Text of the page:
The Imposter among us
December 07, 2020 by Pham My Dung
“I got into Yonsei University just because the school administrators mistook my results with someone else”. Never can I forget those thoughts and fears ravaging my mind a few hours after I received Yonsei’s acceptance letter, regardless of my previous study endeavor or the endorsement from teachers and friends. “You are just going through Imposter syndrome. Stop worrying about nonsense things and it will go soon”, my peers said. Yet, during my first year in college, the angst of being exposed as an incapable, imbecile or useless student in this prestigious university never stopped haunting me.
Imposter syndrome is defined as the constant self-doubt of one’s own competency regardless of the evident accomplishments. Under the influence of Imposter syndrome, I only saw my freshman year being wrapped up in 3 words: Anxiety, dissatisfaction and disappointment. While I forced myself to be a well-rounded individual with a perfect transcript and a stunning resume to maintain the competent mask, it didn’t bring me any glimpse of happiness or satisfaction. Failure even felt worse, since it was a revelation of my stupidity and a severe crush to my self-esteem.
The anxiety from imposter syndrome fueled countless of my physical and mental pain during the first year in college. In my uncontrollable pursuit of highest achievements to cover my incompetency, I ignored my inner cry of exhaustion. Lack of sleep, meals skipping, large caffeine intake and stomachache were everyday matters. So were continuous episodes of nonsense worries, mental breakdown, self-degrading words and frantic cry. There are times when I binge ate to “swallow” my stress. Despite the struggle I had been through, any type of achievement could not satisfy me, and even small failure could push me in the hole of desperation. I can still remember a time when I stayed up for 67 hours straight to polish a major class’s assignment, since I didn’t feel happy with my “above average” performance. I was suffering from a terrible stomachache, my heart was racing, my hands were shaking, and when I came to class, I could not walk up the stairs properly without leaning on the handrails. Yet, all I received for those stressful 67 hours was a feedback that I did too much unnecessary and ineffective work. That was the first time and the only time I broke into tears in class, since I felt so embarrassed and devastated. When imagining how incompetent I was in my peers and professor’s eyes at that moment, I felt sick of my own existence in that class. Then, the torturous anxiety recurred: “Whatever I tried, everybody in this school still sees me as a useless imbecile. Everybody knows I’m not supposed to be here”. I was so scared of the course that every time the class time came, my anxiety made me feel nauseous. I ended up withdrawing the course, and even till now, after 2.5 years, the experience is still traumatizing for me to think about.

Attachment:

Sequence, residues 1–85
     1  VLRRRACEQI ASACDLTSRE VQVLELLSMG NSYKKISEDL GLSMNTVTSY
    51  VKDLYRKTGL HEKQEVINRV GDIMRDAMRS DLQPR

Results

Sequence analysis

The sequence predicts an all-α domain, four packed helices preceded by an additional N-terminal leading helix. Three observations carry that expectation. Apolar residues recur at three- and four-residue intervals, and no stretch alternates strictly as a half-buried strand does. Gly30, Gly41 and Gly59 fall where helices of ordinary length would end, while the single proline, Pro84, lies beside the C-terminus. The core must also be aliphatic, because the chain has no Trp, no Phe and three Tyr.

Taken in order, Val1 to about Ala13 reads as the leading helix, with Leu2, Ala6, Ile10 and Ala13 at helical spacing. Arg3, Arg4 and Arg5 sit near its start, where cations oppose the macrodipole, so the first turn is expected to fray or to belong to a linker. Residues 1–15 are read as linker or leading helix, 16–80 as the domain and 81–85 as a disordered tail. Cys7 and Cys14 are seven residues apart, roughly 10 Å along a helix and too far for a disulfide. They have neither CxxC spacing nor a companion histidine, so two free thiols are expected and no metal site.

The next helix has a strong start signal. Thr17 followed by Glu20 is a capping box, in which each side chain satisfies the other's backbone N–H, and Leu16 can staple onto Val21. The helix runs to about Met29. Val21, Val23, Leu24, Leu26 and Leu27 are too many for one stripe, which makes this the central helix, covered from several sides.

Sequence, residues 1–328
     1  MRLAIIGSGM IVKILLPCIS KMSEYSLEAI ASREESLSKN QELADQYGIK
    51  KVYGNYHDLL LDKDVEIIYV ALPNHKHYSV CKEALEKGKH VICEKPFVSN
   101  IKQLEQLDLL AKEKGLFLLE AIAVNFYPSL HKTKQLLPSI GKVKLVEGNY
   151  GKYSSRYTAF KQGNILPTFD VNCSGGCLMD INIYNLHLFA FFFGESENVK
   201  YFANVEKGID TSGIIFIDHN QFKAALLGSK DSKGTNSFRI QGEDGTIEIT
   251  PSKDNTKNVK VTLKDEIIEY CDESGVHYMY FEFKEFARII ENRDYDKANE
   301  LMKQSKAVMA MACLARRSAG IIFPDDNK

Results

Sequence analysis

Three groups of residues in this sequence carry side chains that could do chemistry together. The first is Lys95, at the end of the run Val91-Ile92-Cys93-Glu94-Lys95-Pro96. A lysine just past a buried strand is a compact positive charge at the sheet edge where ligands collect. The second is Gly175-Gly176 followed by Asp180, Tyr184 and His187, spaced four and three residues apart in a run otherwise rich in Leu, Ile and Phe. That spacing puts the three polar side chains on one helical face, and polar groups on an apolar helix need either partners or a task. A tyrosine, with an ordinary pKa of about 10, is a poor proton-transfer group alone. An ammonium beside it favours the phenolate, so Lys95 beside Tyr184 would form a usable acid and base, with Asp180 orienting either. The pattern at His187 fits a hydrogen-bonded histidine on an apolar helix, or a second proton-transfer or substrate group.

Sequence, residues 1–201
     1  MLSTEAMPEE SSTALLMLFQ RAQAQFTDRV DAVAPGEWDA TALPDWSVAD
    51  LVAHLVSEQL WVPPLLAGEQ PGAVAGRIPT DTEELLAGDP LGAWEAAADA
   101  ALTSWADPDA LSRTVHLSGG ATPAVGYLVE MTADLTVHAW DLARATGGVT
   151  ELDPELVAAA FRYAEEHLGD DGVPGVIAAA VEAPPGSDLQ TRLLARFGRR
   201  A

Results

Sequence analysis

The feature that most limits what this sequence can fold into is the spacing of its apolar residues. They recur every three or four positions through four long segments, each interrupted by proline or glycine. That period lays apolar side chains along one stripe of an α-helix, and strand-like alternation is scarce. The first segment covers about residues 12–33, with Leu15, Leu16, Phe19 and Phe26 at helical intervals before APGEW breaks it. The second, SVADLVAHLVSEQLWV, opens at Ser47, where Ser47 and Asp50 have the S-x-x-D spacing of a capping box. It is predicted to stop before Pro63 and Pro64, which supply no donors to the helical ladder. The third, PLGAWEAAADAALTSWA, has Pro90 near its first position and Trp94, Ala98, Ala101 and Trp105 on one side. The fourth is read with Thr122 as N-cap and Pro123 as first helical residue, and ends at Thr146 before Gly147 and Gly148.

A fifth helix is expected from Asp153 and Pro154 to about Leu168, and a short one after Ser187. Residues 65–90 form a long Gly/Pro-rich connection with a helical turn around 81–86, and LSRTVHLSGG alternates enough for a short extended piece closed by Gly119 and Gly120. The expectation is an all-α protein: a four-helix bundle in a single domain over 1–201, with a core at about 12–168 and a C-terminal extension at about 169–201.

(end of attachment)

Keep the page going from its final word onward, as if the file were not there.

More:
If one expects to see some dramatic change in my awareness or some miraculous improvement in my imposter syndrome coping mechanism here, there is none of it. Honestly, I can never fully recover from its traumatizing effects. However, as time passed by, I gradually learned to not suffer from it alone. Unlike the freshman me who tried to confront everything on my own, I now share my thoughts and fears with my close friends, who will listen, remain silent and give me warm hugs. For me, silence and loving hugs are the best healers to calm the chaos in my mind. I also spent more time with my dog, who radiates with positive energy all the time. Raising a dog and seeing him being so excited for such simple things like getting some treats, enjoying a good belly rub, or finding out his long-lost squeaky toys, I actually learn from him to live the moment and be happy about little things around me. However, a harder thing for me to learn is to embrace myself as a competent and deserving student in Yonsei University. Till now, I still question myself all the time: “Am I deserve to be here? Am I good enough? What if I fail?”. Yet, my anxiety did relieve when I gave advice to the newcomers and saw how far I improved from the original me. While it does not totally eliminate self-doubt, I clearly enjoy a glimpse of happiness when seeing myself getting much better and stronger than freshman me, which I cannot achieve even when getting an all A transcript.
To heal oneself from imposter syndrome’s effects, apart from self-care, it is beneficial to seek help from the professionals. An easy access to mental healthcare professionals is Yonsei International Campus Counseling Center, providing psychological counselling for all Yonsei students. More information about the center can be found here. Lastly, It is not at all embarrassing to suffer from mental issues or being unable to cope with it all by oneself, and it is courageous to seek help for one’s mental problem.
After all, I decided to retake the course that I found traumatizing 2.5 years ago in the next semester. I’m not sure if I can totally overcome that trauma of being seen as the incompetent individual in that class. Yet, this time, I’m ready to face that fear again and challenge my improvements.